7am. up and at 'em! Dad and i took a car service out to Newark. picked up our car -- a beige beauty with Oregon plates (guess they're trying to get it back to the west coast). we got in and smelled. Mph! it smells in here! so we got in about 3 other cars and smelled them. Hm... Pressured for time, but as my dad brought up: we'll be driving across the country, in the hot weather, its only going to get worse, and as it gets hot out, the smell will get worse.
Courtney's JournalAugust 15th, 1997, Friday
okay, dad. so we walked back and waited while they found us another -- about 20 mins. later a dark green mercury sable pulled up and No Smell! :) this car had about 10,000 less miles and fewers scuffs, scratches, and dings.
okay! onwards! hit traffic going into the holland tunnel (of course), and up 6th ave to the Harley Davidson Cafe. The kick-off press conference at the Harley Davidson cafe -- what can i say? Wendy Dubit spoke and introduced Greg Elin. Greg got up and spoke about the rally, its vision, some of the equipment we'll be using, and the various teams.
Pictured above: Tery Spataro of Stir Associates and Jamie O'Boyle of CSA
then pics of each of us on top of the harley, group shots, and Dad taking so many shots, they all shouted out, "Go TeamDad!"
I travelled around Silicon Alley and got some pics. First stop: @NY. Tom and Jason gave me some really nice baseball caps with suede visors.
Tom Watson and
Next Stop: Stir Associates. We donned some plastic leis and I put on a rubber dolphin nose, leftover favors from a party.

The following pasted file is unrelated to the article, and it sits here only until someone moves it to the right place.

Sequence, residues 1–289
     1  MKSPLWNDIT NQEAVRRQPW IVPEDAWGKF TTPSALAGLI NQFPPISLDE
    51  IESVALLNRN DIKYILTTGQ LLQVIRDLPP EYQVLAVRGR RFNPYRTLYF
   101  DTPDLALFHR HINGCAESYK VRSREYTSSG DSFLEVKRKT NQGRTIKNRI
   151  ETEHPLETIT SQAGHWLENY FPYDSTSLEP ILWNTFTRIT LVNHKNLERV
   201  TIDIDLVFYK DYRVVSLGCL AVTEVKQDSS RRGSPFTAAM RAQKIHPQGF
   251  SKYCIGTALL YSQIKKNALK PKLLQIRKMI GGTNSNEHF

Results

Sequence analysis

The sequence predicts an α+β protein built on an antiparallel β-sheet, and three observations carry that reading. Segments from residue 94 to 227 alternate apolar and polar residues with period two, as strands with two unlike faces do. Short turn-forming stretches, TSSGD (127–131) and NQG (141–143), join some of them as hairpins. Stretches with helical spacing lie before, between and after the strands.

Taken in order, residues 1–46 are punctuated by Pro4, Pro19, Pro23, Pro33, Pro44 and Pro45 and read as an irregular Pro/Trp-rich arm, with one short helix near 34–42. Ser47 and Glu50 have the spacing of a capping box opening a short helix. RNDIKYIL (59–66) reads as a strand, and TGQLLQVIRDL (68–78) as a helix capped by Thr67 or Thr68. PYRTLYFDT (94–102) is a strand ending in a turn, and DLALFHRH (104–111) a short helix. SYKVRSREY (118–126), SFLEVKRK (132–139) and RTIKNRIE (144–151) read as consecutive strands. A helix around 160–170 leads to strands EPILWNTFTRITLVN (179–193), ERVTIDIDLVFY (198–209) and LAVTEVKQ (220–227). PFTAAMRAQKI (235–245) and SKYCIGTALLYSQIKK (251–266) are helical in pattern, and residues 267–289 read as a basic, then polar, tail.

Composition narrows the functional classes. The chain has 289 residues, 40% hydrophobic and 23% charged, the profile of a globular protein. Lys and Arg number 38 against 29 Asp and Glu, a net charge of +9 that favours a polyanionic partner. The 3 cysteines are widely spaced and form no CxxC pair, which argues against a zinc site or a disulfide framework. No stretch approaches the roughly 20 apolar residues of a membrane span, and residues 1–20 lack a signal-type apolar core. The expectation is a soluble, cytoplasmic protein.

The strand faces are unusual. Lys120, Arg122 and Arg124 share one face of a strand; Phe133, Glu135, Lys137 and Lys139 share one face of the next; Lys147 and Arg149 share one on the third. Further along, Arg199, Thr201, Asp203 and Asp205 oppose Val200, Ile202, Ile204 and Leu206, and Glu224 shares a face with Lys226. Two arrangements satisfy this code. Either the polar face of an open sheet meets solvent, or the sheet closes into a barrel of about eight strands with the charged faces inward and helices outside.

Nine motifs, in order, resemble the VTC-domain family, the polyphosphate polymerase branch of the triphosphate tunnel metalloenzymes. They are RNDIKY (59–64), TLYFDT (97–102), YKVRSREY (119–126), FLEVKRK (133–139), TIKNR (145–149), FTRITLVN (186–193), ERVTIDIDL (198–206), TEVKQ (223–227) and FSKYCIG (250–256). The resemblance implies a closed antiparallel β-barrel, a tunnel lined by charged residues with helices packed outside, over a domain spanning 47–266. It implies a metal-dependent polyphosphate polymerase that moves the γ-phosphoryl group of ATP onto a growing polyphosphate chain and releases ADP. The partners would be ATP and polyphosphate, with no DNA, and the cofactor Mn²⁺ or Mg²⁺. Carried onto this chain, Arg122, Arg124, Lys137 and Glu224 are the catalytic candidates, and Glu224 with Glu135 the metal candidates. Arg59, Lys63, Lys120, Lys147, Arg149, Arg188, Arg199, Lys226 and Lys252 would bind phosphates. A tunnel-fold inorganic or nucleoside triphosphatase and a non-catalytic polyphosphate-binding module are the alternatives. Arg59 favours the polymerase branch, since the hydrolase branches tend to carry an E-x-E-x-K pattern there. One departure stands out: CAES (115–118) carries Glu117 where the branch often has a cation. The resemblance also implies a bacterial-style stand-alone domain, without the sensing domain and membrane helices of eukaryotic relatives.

and I met Alec Pollack and Paul Kotonis outside their offices...
And our Olympus Digital 200L camera has been working like a charm.
It makes sense to leave on a journey with an emphasis on community, and the different levels of what it means. New York City is after all, a town with many many communities. In fact, each bourough has many communities, and even within neighborhoods people from all sorts of backgrounds and associations live together. It doesn't always work so well, as we've seen in brutal beating cases, attacks on minorities, and general unacceptance of what's different. But considering the number of people, religions, industries, and any other kind of community you could define, it seems to work for the most part.
I always love when i'm travelling around the city and hear conversations in 2 or 3 different languages -- it reminds me how varied this world is, how many cultures there are, how many aspects to each culture, how rich and dramatic each one is. And they're all here in New York. (or the ones I see on a daily basis anyway).
And now I will be traveling where I will be the foreigner... the one who's different, the one who speaks funny. And I am looking forward to sharing in other people's communities, and I think I'll come back to New York with a better apppreciation of different cultures/communities and hopefully a more enriched sense of acceptance and tolerance of others. I hope they'll accept me too, which is ultimately what I think anyone hopes for.